If you're reading this, I'm writing to you.
I've been blogging, producing regular content here at My Urban Kvetch and at JDaters Anonymous, for five-and-a-half years. Magazines' worth of content...a book's worth, probably.
But it's been a creative and financial struggle to keep the free content coming. Journalism pays less and less, and sometimes, in the Jewish world, almost nothing. (I once had an editor tell me they paid $15 for original articles, and nothing for reprints.) And financial times present a struggle for us all.
If you believe what you read (and let's face it, most people do), blogging is dying (or straight-up dead, depending on who you ask).
I am among those who don't think blogging is dead. I think it's changing. Metamorphosing, even. The challenge is to see beyond this moment and into a future for electronic publishing that we can't quite imagine.
People are fixated on redrawing the line between journalism and blogging, even as that line seems to fade at certain points. Most agree that not all blogging is journalism. But blogging is one way to keep people informed more immediately and frequently than in-depth journalism does. I think that blogging - or Tweeting a link, or sharing something via Facebook - is still about writers creating conversation, building bridges, and trying to understand other people a little better. In other words, it's about writing, and about relationships.
I've never claimed that My Urban Kvetch is a news source. I'm not trying to replace Entertainment Weekly, New York Magazine, and now the LA Times with some snarky Jewy culturey hybrid. But if you're here, and you're reading, you either know me in some way or like what I have to say. You might not articulate it in this way, but you believe in writers, and you believe in blogging.
I'm not planning to abandon this blog. And I hate asking for help. But since I have always appreciated your support of my internet life, including this blog, I'd like to ask you to take your reading one step further.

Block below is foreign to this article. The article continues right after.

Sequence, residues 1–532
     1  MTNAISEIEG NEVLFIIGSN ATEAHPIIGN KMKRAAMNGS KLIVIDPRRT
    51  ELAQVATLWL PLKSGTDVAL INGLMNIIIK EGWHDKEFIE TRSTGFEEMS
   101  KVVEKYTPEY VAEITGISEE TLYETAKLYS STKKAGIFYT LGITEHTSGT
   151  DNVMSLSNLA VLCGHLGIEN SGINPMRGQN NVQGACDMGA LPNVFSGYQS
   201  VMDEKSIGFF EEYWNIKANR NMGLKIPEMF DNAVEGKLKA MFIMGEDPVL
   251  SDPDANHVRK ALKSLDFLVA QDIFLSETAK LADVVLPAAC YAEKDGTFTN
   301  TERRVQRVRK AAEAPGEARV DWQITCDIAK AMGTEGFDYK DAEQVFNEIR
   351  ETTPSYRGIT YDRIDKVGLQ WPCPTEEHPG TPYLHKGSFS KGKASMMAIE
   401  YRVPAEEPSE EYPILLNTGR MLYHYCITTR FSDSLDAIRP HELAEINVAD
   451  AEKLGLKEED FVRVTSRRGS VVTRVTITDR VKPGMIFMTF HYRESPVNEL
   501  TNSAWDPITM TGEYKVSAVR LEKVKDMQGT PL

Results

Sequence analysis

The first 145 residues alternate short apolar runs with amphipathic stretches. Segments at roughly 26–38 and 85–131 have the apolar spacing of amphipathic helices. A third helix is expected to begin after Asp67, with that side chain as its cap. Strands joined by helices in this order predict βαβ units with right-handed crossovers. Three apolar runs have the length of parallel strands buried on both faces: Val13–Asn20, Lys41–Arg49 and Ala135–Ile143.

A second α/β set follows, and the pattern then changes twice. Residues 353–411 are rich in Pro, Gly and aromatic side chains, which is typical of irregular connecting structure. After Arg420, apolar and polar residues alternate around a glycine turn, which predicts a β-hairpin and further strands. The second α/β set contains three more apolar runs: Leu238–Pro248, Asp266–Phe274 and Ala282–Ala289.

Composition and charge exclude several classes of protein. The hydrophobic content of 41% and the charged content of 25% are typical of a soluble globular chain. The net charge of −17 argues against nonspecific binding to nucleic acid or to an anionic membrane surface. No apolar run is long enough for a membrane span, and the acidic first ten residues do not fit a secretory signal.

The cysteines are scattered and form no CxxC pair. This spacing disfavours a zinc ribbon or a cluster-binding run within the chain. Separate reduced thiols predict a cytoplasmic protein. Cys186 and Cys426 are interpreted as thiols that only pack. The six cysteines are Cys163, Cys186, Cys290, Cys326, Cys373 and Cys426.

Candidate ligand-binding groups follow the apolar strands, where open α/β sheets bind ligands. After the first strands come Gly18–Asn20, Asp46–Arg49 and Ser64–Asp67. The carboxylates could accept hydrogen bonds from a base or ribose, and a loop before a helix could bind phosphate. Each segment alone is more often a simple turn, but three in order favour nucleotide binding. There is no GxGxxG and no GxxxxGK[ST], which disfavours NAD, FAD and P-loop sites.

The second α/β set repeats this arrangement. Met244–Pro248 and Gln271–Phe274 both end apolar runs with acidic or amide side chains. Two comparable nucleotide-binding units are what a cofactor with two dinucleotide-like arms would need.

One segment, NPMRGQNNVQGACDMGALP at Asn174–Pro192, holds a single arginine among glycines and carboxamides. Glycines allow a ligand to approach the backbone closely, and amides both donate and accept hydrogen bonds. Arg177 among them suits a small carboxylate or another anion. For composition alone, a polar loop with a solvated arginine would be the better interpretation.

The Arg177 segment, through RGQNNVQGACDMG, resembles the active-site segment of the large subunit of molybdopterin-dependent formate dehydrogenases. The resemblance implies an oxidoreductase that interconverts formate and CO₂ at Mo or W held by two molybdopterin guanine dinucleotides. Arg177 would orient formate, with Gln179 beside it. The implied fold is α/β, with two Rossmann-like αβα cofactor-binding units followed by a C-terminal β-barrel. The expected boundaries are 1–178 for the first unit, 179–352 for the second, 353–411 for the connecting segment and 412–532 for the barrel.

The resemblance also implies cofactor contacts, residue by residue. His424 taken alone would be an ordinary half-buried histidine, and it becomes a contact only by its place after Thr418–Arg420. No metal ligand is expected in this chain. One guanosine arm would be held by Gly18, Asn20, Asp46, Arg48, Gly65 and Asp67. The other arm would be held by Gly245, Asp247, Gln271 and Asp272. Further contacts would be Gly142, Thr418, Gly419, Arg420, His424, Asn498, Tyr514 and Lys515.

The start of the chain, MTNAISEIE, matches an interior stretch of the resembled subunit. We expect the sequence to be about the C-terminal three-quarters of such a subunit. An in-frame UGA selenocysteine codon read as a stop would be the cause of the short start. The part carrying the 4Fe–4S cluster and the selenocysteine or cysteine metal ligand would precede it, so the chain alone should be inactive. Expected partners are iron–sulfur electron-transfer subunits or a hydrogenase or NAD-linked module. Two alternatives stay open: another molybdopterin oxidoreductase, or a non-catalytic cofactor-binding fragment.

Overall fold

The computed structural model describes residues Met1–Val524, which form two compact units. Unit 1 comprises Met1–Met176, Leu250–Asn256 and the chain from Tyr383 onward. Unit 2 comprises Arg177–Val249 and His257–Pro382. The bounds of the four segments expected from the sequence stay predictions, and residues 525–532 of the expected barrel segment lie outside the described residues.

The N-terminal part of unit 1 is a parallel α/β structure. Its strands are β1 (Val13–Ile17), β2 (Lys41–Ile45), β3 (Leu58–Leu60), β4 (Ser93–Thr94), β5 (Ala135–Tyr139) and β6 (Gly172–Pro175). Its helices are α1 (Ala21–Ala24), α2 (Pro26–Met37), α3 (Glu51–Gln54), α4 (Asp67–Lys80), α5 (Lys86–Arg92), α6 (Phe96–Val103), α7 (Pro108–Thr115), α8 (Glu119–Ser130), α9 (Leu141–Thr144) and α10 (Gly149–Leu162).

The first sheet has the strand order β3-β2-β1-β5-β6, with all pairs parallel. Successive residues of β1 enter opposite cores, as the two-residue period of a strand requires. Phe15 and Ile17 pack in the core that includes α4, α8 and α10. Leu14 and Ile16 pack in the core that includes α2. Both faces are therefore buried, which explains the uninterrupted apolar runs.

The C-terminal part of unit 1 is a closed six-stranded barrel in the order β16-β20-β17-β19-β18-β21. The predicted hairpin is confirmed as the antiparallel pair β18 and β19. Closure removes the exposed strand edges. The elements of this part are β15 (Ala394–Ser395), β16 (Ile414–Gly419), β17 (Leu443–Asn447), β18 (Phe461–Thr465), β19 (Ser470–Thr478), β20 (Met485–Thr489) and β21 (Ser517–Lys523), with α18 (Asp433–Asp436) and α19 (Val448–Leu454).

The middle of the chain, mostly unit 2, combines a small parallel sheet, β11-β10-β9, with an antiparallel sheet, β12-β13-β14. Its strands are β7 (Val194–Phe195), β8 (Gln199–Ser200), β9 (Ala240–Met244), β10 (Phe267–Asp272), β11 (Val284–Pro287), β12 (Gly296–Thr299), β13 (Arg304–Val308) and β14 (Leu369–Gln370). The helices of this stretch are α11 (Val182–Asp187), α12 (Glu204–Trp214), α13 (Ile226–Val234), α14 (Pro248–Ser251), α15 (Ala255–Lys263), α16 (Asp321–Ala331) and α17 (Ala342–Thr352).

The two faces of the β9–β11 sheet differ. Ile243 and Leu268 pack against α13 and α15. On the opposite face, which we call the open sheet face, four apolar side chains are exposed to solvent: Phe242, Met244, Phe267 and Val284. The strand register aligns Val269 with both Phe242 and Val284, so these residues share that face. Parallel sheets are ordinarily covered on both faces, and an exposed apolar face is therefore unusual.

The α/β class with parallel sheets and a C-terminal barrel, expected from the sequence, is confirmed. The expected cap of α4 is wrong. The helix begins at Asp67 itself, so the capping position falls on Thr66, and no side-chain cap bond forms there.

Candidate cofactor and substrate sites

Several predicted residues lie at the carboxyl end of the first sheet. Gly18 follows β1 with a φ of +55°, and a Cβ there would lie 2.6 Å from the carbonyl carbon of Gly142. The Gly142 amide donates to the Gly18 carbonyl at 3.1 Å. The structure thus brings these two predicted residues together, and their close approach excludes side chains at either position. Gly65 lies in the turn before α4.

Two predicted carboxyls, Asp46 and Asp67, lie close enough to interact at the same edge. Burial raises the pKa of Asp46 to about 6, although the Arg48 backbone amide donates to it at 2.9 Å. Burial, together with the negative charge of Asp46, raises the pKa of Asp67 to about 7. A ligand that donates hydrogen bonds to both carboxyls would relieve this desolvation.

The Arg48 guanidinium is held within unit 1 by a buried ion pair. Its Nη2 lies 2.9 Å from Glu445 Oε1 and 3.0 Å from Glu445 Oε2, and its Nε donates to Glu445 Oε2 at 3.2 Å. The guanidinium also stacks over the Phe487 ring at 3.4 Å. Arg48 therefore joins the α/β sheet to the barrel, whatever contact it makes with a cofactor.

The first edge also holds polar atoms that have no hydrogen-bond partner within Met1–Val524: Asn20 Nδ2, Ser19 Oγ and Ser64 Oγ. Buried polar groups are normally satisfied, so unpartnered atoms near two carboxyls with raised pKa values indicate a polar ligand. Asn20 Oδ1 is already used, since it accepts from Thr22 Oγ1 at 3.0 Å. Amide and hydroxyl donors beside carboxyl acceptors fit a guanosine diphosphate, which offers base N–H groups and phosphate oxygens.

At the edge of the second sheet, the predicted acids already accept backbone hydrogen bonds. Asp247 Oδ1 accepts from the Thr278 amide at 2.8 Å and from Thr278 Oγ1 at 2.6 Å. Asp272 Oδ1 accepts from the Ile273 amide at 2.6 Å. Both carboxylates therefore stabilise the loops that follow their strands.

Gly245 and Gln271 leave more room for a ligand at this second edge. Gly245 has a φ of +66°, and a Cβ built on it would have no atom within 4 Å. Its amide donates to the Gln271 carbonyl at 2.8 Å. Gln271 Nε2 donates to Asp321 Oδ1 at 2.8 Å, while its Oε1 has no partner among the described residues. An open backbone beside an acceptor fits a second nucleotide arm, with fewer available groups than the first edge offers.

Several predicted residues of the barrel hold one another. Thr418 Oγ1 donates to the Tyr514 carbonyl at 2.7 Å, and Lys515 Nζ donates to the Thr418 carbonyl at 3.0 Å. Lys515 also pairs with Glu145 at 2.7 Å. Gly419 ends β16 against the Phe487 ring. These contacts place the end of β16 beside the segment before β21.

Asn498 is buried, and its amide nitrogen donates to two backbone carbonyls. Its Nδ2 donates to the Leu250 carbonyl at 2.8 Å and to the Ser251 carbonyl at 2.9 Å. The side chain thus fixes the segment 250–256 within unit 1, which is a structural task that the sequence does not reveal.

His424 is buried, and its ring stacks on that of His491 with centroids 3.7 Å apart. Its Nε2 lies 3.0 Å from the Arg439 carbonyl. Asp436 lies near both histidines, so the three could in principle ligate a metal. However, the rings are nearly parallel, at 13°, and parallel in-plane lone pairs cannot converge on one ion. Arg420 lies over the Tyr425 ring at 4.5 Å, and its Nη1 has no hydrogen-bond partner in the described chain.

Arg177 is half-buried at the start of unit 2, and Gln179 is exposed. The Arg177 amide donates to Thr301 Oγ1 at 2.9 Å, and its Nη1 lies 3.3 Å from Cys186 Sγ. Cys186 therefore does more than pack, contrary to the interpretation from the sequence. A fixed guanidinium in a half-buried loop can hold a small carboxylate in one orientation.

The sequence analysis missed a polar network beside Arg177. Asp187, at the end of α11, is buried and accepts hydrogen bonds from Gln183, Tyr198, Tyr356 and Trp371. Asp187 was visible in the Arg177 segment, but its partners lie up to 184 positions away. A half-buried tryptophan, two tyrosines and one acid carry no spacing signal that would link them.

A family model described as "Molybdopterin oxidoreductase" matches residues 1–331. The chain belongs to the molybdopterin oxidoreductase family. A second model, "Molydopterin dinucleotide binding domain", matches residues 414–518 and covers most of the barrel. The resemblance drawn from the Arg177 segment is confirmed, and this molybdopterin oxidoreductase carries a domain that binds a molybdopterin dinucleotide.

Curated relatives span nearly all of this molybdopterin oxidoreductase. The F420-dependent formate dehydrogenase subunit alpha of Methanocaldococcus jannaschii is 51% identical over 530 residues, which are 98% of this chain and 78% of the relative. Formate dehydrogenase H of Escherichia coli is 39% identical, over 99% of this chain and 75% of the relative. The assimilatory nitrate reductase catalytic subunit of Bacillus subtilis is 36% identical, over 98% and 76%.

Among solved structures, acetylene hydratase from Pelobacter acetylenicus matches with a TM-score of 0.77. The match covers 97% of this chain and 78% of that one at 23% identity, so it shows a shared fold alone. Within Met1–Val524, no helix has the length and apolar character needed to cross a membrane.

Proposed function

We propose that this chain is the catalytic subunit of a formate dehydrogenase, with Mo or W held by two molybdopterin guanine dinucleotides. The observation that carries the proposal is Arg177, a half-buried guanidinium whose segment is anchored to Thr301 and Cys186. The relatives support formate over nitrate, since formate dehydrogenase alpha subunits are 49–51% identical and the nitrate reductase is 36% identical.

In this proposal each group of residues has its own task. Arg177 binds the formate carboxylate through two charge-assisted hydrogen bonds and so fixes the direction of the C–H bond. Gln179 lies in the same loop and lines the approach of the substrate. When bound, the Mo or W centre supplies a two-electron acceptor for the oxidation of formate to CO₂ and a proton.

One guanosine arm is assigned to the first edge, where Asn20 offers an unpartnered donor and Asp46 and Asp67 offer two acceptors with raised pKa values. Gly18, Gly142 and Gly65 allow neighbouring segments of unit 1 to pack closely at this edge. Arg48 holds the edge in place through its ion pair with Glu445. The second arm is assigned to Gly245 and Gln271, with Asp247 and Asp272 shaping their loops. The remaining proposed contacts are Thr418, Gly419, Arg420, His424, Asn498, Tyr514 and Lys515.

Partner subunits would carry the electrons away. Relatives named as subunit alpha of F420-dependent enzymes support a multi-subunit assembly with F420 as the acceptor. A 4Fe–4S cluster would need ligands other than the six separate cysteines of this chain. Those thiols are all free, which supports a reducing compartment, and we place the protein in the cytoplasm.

There are ways to show you believe.
1) Clap your hands. Show you believe by leaving a comment, starting a new conversation or participating in one that's already taking place.
2) Give something and get something. You don't have to be an altruist to help; there is space on this blog dedicated for ads, and ad prices are affordable - in some cases, goods or services may be accepted instead of monetary payment. Make me an offer. (Contact me at myurbankvetch at gmail.com.).
3) Put something in the Tip Jar or send me a donation directly through PayPal. $5. $10. $18. Consider it an optional subscription to "My Urban Kvetch Magazine." I can't give you a tax credit, but even the smallest amount helps me pay for things like hosting, site upgrades, and outings to Trader Joe's. And in the tradition of tithing, if I hit $100 or above I'll give 10 percent of the total to a charity or Jewish innovative project of my choosing.
Here's a button to make it easier.
4) Buy me a belated birthday present from my Amazon wishlist. There's also a link in the sidebar, or you can search for my account at Amazon.com.
5) Recommend me for paid freelance work, whether it's writing, editing, creative consulting or conducting social media workshops for groups or individuals. I'm pretty sure the Rambam would approve.
6) Forward a post to a friend, by sharing it on Facebook or retweeting it on Twitter.
No matter what your budget, each of you can do one of the above to help me hear your voices and feel your support.
I can't guarantee that blogging won't die a natural death in the next ten years (or sooner). But I can guarantee that as long as My Urban Kvetch exists, it will continue to be a place for the kinds of stories that have caught your interest, and provide interesting commentary on social and pop culture trends, often with the same Jewish flavor that you keep coming back for. As always, I welcome your suggestions, feedback and participation in the conversation.
Thank you for reading and for your continued support.